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E1949. Imaging Spectrum of Abdominal Visceral Torsion in Pediatric Population
Authors
  1. Ankita Chauhan; The University of Tennessee Health Science Center/Le Bonheur Children's Hospital
  2. Anand Raju; The University of Tennessee Health Science Center/Le Bonheur Children's Hospital
  3. Vijay Pande; The University of Tennessee Health Science Center/Le Bonheur Children's Hospital
Background
Determining the cause of abdominal pain in the pediatric age group is challenging, particularly in patients less than two years old (nonspecific symptoms: inconsolable crying, fussiness, and lethargy). Associated symptoms often direct differential considerations and subsequent imaging. A bilious emesis point to an upper gastrointestinal (GI) obstruction and currant jelly stool suggests a lower GI pathology (intussusception). Toddlers and preschool children can often describe the type and location of abdominal pain. Surgical conditions in these children include intestinal malrotation/volvulus, intussusception, and acute appendicitis. Differentials of abdominal pain in patients older than 12 years are similar to young adults. This exhibit will focus on abdominal visceral torsion, a significant cause of acute or recurring abdominal pain, and a surgical emergency.

Educational Goals / Teaching Points
As volvulus's signs and symptoms are often nonspecific, a delay in diagnosing can have dire consequences. Prompt diagnosis is essential. We will exhibit the entire imaging spectrum of abdominal visceral torsion, including midgut volvulus, gastric volvulus, small bowel internal hernia with volvulus, small bowel intussusception with volvulus, bezoar causing volvulus, cecal volvulus, colonic volvulus, sigmoid volvulus, and splenic torsion. We will demonstrate their classic imaging appearance and emphasize on strategies for achieving an accurate diagnosis.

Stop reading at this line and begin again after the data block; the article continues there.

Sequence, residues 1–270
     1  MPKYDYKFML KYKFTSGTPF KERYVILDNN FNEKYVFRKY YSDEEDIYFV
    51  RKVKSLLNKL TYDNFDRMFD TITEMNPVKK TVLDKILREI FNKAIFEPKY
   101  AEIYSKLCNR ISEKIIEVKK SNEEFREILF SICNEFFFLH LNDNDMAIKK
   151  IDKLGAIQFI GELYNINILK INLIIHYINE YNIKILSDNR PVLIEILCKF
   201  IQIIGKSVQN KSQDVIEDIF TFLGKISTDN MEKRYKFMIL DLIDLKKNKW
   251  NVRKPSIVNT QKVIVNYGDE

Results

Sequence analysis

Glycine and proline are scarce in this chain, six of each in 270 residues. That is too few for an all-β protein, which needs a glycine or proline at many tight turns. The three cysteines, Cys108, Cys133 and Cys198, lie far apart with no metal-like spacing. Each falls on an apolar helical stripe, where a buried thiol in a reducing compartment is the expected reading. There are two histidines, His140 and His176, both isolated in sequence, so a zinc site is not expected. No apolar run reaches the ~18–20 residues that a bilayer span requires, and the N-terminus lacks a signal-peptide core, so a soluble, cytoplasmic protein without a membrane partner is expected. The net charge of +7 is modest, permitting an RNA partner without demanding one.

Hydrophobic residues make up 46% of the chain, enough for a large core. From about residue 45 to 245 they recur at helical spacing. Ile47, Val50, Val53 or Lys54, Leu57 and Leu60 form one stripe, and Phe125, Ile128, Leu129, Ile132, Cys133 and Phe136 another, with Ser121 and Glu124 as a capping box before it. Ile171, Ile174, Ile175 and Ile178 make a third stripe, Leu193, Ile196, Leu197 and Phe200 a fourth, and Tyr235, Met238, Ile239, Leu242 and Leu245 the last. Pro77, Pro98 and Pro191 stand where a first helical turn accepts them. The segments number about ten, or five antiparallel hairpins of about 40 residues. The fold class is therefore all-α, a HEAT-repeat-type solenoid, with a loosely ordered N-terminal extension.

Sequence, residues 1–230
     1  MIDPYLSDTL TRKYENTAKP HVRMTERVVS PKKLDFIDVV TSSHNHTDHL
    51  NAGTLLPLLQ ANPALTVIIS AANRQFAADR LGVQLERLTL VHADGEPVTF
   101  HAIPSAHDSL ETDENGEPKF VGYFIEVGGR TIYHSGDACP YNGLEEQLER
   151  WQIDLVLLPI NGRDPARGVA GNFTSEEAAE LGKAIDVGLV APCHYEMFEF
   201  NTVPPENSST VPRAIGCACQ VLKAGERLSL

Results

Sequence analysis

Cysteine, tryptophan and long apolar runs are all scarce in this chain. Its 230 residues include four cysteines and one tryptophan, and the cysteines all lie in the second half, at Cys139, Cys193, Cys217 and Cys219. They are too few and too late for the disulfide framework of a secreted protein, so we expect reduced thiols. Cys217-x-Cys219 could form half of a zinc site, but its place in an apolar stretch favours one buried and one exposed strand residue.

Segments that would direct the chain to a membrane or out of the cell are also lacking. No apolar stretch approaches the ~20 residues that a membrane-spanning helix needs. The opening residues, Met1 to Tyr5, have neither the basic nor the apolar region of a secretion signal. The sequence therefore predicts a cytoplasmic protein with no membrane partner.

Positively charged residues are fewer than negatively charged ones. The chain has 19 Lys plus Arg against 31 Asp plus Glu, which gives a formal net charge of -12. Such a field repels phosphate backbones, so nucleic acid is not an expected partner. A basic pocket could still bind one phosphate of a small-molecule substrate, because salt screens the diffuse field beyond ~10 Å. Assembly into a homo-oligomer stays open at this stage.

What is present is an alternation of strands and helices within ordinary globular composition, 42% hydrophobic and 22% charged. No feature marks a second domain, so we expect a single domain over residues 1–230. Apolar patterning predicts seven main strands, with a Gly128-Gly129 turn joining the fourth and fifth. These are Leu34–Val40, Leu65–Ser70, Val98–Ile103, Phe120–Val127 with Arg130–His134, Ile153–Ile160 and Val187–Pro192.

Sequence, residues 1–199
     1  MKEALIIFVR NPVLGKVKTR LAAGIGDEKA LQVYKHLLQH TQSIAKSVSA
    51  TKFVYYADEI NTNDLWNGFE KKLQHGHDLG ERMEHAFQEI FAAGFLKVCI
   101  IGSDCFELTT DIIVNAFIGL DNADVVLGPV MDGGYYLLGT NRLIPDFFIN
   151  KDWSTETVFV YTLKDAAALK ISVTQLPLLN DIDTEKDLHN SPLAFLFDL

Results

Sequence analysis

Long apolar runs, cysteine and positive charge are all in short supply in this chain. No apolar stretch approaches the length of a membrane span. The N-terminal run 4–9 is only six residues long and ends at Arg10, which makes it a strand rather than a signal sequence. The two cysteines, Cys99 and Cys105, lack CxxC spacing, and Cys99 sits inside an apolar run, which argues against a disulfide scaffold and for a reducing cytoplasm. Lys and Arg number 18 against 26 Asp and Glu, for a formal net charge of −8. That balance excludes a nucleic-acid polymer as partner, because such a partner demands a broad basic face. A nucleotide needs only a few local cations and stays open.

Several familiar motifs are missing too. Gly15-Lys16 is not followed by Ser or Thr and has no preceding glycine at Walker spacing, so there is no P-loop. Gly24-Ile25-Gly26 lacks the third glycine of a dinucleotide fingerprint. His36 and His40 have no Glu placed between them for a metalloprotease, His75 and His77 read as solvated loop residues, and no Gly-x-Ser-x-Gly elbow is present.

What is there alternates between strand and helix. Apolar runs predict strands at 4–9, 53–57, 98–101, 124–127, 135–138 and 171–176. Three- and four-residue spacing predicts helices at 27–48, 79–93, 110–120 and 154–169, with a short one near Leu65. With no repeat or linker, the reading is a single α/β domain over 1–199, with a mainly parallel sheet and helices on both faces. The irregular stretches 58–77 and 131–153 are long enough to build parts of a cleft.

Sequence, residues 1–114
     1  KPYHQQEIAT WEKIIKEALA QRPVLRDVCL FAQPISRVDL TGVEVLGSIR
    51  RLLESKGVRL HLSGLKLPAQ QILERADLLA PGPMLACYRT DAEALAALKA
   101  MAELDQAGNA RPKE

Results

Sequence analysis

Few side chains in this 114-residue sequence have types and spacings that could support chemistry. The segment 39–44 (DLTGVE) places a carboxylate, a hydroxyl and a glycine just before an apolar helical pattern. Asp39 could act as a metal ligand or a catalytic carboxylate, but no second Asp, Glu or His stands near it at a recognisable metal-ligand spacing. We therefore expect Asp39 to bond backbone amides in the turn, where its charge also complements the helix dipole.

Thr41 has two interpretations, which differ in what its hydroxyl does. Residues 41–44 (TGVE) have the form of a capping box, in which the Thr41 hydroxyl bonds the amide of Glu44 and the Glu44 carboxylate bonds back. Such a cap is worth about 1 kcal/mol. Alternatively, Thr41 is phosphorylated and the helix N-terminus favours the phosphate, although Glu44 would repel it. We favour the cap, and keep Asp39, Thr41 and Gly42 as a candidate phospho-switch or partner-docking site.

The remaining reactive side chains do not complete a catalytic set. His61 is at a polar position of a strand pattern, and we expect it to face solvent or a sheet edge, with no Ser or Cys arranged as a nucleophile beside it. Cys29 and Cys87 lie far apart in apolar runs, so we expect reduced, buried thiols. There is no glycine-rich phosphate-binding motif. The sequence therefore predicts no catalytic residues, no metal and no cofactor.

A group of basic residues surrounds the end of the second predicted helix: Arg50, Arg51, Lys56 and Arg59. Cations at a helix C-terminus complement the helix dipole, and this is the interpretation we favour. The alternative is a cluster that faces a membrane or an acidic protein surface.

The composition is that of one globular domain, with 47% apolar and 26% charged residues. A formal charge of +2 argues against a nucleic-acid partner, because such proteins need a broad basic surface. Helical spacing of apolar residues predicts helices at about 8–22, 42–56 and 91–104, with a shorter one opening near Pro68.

Key Anatomic/Physiologic Issues and Imaging Findings/Techniques
The hollow and solid viscus is secured in place by various suspensory ligaments. Incomplete development and laxity of these ligaments predispose visceral torsion. Prompt diagnosis of torsion (prolonged visceral ischemia) helps to avoid life-threatening situations. Radiologists are entrusted to make this diagnosis. Ultrasound is often the initial modality detecting abnormalities of the GI tract in children, often as part of a targeted exam at the site of symptoms. Radiologists interpreting sonographic examinations in children should be familiar with the normal and abnormal GI tract's sonographic appearance to provide the best care for pediatric patients with abdominal diseases. It is the radiologist's responsibility to recognize and diagnose volvulus promptly. We will review the imaging spectrum of abdominal visceral torsions with surgical findings.

Conclusion
Any portion of the gastrointestinal tract, from the stomach to the colon, can become torsed. The clinical presentation of intraabdominal visceral torsion is nonspecific, and imaging is instrumental in guiding diagnosis and treatment. Recognizing the predisposing factors and imaging findings of intraabdominal torsions is essential to ensure timely intervention in these potentially life-threatening entities. We will summarize the typical imaging features of different types of abdominal visceral torsions in children.